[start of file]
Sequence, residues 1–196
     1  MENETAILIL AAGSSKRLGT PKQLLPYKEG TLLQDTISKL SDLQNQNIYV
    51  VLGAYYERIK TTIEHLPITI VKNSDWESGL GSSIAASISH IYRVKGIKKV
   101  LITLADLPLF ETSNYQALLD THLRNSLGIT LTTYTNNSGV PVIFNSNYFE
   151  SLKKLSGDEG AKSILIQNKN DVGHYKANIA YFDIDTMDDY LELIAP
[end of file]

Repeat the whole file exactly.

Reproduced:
Sequence, residues 1–196
     1  MENETAILIL AAGSSKRLGT PKQLLPYKEG TLLQDTISKL SDLQNQNIYV
    51  VLGAYYERIK TTIEHLPITI VKNSDWESGL GSSIAASISH IYRVKGIKKV
   101  LITLADLPLF ETSNYQALLD THLRNSLGIT LTTYTNNSGV PVIFNSNYFE
   151  SLKKLSGDEG AKSILIQNKN DVGHYKANIA YFDIDTMDDY LELIAP